A New Year Epiphany

And so starts another year.

One of the few New Year Resolutions that I have ever kept is to make no New Year Resolutions - on the simple basis that I never managed to keep up with anything I started with good intent. Well, I do have one this year, and that is to get my Romanian up to conversational level by the end of the year – it's a long story and I'll bore you with it another day.

But towards the end of 2008 two, familiar passages from the Bible jumped up and hit me – Matthew 25:31ff and Isaiah 58. Both speak powerfully that the true outworking of faith is in justice and compassion. They are familiar to me, as I have many times taught on them, and been challenged by them to live out my own faith with these values at the centre.

Today is the feast of Epiphany – remembering when the Magi visited Jesus. Epiphany means a showing forth – it has also come to mean a sudden realisation or revelation. I have been on a prayer retreat in a remote South Wales village for three days with a group of Christian health professionals from all over Europe. Today was a day of silent, solitary prayer and fasting, and as I find sitting around in a room to pray almost impossible for any length of time (I have a butterfly mind and fly from one distraction to another all to easily), went for a walk early in the morning before the sun came over the Brecon Hills. Well, it was bitterly cold, and after resting in the local parish church to pray, I decided I needed to keep moving, on through the woods and fields and beside the frozen lake. As I walked and prayed another very familiar passage came to me – Micah 6:8 – "what does the Lord require of you, oh Son of Adam, but to act justly, love kindness and walk humbly with you God". That brief passage summed up the two previous passages that had been playing on my mind, and summed up what I needed to hear.

To walk humbly with someone means to let them take the lead, set the pace and choose the path. You walk alongside, but at their bidding – and it was a challenge to me to let my own daily walk with God be set at His pace and His direction, not mine. I am often so busy doing stuff for God that I forget to listen to what He is actually saying.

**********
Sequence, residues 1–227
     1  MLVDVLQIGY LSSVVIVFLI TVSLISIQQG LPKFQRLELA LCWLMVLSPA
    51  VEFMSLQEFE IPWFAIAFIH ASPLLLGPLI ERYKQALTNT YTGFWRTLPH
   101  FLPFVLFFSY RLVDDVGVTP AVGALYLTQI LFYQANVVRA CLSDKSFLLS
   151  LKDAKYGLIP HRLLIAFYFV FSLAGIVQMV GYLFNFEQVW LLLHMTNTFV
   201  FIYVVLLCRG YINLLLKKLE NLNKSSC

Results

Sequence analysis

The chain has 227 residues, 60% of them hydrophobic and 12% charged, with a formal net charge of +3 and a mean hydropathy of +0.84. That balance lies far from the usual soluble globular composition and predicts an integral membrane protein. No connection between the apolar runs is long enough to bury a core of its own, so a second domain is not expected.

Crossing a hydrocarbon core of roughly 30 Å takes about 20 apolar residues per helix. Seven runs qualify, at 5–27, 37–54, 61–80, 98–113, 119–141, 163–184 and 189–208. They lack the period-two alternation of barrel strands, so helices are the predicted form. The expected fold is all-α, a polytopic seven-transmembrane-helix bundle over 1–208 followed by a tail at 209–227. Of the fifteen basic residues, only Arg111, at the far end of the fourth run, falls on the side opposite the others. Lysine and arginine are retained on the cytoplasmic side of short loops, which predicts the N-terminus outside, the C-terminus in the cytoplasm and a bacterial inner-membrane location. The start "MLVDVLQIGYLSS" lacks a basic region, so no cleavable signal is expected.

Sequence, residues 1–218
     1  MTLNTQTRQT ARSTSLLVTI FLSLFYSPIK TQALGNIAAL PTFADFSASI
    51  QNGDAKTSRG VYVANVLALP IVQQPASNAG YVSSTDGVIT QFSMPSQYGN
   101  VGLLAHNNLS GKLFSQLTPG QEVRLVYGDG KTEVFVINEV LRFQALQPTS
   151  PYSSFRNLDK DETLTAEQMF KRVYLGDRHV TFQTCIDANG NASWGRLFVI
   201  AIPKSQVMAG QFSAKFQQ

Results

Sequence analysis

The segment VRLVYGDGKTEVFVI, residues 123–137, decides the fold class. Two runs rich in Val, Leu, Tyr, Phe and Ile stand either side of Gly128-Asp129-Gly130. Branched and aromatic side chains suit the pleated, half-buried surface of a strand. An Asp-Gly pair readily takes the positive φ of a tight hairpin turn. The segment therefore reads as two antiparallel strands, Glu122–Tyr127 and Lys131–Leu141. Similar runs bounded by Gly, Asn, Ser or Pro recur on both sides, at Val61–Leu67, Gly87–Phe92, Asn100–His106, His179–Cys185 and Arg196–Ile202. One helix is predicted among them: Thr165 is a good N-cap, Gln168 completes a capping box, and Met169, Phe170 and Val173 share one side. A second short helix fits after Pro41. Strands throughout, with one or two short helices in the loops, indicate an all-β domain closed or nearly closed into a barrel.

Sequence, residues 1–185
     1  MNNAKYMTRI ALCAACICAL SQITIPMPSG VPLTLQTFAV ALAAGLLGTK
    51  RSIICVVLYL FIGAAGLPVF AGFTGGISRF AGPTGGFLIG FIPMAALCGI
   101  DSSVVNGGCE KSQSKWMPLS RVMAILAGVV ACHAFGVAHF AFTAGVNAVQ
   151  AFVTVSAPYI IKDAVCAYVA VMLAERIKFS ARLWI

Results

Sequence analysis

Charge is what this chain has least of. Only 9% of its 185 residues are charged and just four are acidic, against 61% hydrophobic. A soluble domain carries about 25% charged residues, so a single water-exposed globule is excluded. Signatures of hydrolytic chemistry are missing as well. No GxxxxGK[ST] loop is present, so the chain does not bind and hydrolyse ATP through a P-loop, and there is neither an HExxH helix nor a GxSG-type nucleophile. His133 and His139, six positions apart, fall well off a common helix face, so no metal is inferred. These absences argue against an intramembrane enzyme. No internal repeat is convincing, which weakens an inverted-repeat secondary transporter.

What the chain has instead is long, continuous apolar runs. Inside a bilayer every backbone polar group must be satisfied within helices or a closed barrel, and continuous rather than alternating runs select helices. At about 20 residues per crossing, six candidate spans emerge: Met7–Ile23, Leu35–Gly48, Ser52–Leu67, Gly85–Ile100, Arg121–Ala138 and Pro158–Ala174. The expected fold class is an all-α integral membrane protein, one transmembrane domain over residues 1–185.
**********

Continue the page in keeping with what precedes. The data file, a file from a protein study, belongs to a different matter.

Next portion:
But the verse also make it clear that true faith is outworked in practice – in doing what is right and just and fair. But justice can be cold, and it needs to be tempered by kindness, or mercy in some translations. The Hebrew is chesed [חסד] meaning "loving kindness" – often used as an expression of how God feels about His people, it suggests not only tenderness but forbearance and even indulgence – giving favour when it is not necessarily deserved. Mercy in short. True faith is born out of a close, obedient walk with God, worked out in showing practical kindness to strangers and working for justice for the poor and oppressed. Sounds straightforward, but as the passages in Isaiah and Matthew also show us, this takes work. But, as James 2:14-26 warns us, faith without works is meaningless – a head knowledge of God, or even a warm fuzzy feeling about God count for precisely nothing (I Corinthians 13:1-4 also reminds us of this), if they are not also practically worked out in love, compassion and justice.

So maybe less a New Year's Resolution and more a New Year Epiphany. For 2009, my greatest challenge is to once again work out how I live this in practice. I expect to fail many times, but as someone once said, success is buried in the garden of failures.